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Tropic like it’s Hot

Tips on how to cope with the rising temperatures when working in the landscaping industry.

After soaring temperatures in the UK, it is clear that business as usual is difficult to keep up. With the landscaping industry being predominately based outside, how can workers stay safe in these abnormal highs? Here are some tips you and your employees can take to stay safe and battle the heatwave:

  • Apply sunscreen at regular intervals to avoid burns and heatstroke
  • Stay hydrated, Adults are recommended to drink around two litres of water a day.
  • Wear a hat when working on outside projects to prevent direct sun contact with your head. This will help to combat headaches and will help to keep body temperature from raising.
  • Where possible complete any admin work or work that can be done inside whilst temperatures are high. External work should not be a priority in extreme heat.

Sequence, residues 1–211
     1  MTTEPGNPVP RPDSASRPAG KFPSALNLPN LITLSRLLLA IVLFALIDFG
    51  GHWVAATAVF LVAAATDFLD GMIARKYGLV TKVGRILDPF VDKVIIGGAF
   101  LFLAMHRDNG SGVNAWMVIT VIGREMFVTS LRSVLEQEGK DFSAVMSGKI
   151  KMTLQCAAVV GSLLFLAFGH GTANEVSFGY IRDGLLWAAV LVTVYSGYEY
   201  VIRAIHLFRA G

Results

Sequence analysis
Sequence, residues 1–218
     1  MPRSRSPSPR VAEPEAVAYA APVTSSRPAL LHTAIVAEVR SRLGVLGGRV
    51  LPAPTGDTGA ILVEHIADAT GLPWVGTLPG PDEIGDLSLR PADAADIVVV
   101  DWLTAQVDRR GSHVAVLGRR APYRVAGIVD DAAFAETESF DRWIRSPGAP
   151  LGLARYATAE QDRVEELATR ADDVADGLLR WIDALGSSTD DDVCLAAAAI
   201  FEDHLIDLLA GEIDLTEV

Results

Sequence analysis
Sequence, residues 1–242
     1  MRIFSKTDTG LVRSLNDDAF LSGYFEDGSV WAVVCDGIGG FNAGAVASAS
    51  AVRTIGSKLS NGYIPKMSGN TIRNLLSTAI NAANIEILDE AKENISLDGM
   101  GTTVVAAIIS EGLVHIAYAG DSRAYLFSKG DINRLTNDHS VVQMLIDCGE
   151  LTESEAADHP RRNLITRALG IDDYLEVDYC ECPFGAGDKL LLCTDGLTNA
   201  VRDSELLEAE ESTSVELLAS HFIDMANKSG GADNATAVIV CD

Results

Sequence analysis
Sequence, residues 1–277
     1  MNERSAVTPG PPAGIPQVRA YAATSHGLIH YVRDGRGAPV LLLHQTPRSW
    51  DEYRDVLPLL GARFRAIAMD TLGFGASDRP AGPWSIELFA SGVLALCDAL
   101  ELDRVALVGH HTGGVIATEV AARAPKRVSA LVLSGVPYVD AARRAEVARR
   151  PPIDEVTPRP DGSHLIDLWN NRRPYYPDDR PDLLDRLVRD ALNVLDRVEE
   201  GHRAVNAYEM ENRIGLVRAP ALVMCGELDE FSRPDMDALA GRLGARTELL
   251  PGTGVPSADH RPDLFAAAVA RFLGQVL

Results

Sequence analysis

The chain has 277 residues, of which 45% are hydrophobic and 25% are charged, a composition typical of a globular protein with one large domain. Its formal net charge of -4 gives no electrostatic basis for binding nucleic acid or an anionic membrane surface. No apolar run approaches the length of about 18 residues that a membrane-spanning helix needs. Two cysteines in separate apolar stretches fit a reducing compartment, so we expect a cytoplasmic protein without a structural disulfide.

• When you must work outside take regular breaks and notice the first signs of heatstroke: Headache, dizziness, feeling sick, cramps in arms, legs or stomach, high temperature, fast breathing and being extremely thirsty.
  • Avoid drinks that dehydrate you like caffeinated beverages; although it may be tempting to accept tea/coffee from a host, and landscaping work can be tiring at the best of times, try to avoid these drinks and instead request water if you feel thirsty.
  • Wear light, loose fitting clothing where appropriate. In the industry, PPE is important – for example, when operating heavy machinery – but be mindful of times when this is not required, and you are safe to wear looser fit clothing. Perhaps a change of clothes in your bag for when the shift ends?
  • Bring temperature down with a wet washcloth or paper towel. If you are on site at a client’s property, if appropriate, you could ask if they have access to these. Similarly spritzing a cold-water misting bottle on pressure points will help to bring overall temperature down.
  • Stay out of direct sunlight. When completing outdoor work stick to covered or shady areas or operating large machinery that is covered whilst the temperatures are high. This will help prevent overheating and heat exhaustion.
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